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Swiss success in imaging proteins linked to Parkinson’s raises drugs hope

Swiss success in imaging proteins linked to Parkinson’s raises drugs hope

The research could accelerate testing and development of drugs for other neurodegenerative diseases
Image brain scans showing progression of Parkisnson's
A team of Swiss researchers has for the first time imaged the activity of a protein linked to Parkinson’s disease in a living human brain | AC Immune SA

A team of Swiss researchers has for the first time imaged the activity of a protein linked to Parkinson’s disease in a living human brain. Led by Oskar Hansson, a professor of neurology at Lund University, the team’s findings could potentially accelerate testing and development of drugs to treat neurodegenerative diseases. 

When misfolded and clumped, the protein in question — alpha-synuclein or a-syn in short — is believed to be the pathological hallmark of Parkinson’s and other related neurodegenerative diseases such as multiple system atrophy (MSA) and Lewy body dementia. 

The researchers were able to detect the a-syn protein in the brain using a tracer and a method called positron emission tomography (PET). Swiss biotech firm AC Immune, which developed the tracer, claims it can differentiate people with MSA, Parkinson’s and Lewy body dementia from healthy individuals.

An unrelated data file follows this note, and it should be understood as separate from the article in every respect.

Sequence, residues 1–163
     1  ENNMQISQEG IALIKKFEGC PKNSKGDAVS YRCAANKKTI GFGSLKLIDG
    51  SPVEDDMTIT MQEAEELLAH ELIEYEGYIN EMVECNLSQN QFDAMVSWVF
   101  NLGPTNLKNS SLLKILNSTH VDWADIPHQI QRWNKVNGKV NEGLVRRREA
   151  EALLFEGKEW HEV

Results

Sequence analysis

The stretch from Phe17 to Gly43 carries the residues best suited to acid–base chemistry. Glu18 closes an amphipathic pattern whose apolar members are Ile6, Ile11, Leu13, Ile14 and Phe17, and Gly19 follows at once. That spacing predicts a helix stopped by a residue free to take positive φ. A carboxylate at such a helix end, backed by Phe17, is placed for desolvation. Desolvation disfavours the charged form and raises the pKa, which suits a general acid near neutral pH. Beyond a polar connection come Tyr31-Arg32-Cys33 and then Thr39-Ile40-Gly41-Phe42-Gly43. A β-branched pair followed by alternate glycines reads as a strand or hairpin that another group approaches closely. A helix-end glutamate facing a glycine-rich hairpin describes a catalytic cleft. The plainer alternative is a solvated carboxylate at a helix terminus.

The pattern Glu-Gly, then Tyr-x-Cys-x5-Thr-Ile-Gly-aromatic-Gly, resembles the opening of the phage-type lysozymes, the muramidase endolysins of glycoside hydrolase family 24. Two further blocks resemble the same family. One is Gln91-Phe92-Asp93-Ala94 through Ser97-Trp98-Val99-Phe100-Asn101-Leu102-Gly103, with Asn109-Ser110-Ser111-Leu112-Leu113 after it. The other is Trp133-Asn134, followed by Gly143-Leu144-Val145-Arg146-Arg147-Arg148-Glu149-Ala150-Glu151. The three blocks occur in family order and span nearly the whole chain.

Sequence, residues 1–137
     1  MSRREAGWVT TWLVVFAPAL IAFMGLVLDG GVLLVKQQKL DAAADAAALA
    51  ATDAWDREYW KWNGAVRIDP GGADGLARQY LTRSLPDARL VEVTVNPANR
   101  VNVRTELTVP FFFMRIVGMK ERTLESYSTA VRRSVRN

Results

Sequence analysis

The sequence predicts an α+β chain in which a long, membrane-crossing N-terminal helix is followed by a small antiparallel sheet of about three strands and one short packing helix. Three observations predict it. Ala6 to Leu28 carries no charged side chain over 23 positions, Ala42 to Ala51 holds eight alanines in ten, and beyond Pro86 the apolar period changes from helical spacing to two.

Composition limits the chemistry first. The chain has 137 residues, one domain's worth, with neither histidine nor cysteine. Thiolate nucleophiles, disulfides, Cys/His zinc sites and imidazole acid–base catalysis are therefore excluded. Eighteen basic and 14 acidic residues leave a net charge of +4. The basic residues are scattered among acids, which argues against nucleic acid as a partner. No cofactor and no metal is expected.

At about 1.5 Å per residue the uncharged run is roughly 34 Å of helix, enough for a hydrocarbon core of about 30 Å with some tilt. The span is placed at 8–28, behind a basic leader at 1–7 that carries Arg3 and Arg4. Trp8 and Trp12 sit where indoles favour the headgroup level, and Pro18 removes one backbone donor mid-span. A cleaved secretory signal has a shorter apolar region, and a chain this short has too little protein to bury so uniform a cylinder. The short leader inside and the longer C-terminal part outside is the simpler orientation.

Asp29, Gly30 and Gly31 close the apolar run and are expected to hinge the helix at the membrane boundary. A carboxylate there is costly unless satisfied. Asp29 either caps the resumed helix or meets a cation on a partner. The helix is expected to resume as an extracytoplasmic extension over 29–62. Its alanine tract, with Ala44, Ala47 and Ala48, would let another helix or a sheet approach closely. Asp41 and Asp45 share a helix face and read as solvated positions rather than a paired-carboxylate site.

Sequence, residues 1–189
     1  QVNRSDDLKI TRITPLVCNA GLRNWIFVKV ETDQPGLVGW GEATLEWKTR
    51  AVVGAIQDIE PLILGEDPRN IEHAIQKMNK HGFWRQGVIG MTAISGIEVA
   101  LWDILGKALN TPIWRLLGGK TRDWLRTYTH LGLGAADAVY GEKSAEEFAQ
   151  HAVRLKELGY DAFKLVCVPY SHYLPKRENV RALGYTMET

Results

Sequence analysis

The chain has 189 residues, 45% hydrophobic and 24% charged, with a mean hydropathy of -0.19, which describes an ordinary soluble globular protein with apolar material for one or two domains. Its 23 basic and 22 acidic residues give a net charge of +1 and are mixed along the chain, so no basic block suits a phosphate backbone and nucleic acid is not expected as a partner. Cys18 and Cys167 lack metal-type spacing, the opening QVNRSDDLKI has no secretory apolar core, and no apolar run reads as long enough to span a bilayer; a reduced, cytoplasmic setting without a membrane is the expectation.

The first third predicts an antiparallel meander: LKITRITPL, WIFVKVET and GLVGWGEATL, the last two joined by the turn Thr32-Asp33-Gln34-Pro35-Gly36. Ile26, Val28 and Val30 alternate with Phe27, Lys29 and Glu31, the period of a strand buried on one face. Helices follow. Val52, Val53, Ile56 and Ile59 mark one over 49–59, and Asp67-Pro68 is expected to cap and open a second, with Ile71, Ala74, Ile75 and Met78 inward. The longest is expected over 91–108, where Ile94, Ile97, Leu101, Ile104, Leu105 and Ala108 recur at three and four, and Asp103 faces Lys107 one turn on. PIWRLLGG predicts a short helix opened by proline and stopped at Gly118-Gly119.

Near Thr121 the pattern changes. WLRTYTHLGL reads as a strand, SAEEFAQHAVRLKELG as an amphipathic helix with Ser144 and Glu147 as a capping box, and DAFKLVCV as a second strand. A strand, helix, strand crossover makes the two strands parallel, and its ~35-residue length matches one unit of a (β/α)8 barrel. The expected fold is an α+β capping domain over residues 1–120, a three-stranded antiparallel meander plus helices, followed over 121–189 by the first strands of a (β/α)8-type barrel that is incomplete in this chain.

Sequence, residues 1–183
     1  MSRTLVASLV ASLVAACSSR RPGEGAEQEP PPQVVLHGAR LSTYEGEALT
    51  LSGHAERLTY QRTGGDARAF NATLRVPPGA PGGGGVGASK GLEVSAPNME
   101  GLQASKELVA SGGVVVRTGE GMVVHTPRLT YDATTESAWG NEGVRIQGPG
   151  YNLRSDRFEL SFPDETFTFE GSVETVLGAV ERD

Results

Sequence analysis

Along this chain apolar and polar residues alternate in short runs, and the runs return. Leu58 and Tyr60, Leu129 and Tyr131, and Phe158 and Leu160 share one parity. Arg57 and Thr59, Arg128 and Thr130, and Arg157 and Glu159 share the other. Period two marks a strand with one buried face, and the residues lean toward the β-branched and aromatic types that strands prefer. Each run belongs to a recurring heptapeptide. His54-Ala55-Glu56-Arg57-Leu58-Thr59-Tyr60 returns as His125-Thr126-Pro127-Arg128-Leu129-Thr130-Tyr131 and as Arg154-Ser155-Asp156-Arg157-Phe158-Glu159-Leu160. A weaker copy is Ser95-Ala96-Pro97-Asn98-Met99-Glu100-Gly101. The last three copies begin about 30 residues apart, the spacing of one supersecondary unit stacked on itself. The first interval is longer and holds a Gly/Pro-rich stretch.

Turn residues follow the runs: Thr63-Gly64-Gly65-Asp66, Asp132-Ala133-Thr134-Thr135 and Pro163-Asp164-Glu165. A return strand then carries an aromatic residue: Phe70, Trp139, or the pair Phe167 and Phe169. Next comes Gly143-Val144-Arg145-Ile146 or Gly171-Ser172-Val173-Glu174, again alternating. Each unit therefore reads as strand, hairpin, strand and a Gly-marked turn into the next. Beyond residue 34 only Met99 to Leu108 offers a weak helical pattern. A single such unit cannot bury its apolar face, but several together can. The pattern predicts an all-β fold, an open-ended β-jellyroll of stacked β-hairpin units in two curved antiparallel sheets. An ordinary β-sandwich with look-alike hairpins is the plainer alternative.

A tracer is a substance used to trace the course of a biological process due to its radioactive or unusual isotopic mass. 

“This is the first time that a PET tracer has reliably detected a-syn aggregates in patients’ brains,” said Hansson. “The results represent great clinical progress in the quest to provide a diagnostic tool for patients suffering from MSA and potentially other a-synucleinopathies.” 

He added that the development could ultimately lead to earlier and more reliable differentiation for the difficult-to-diagnose neurogenerative diseases. 

The Michael J. Fox Foundation, which funded the research, said that the development was an important step in finding an a-syn tracer. It added that a similar strategy for imaging proteins linked to Alzheimer’s had had a major effect on accelerating drug development for the disease. 

“Selective imaging tracers can make an enormous difference in advancement of new therapies for synucleinopathies such as Parkinson’s disease,” said Jamie Eberling, SVP of Research at Michael J. Fox Foundation. “As they have for Alzheimer’s disease, PET tracers for a primary pathological protein would be pivotal in transforming the future of Parkinson’s research and care.” 

The team achieved the first clinical results working with individuals suffering from MSA, with AC Immune claiming that its PET tracer is safe to be further developed into an imaging agent for the human brain. It also presented clinical proof-of-concept data for an a-syn PET tracer as an imaging agent to identify MSA patients. 

The findings were presented at the International Conference on Alzheimer’s and Parkinson’s Diseases and Related Neurological Disorders in Barcelona, Spain in March 2022. 

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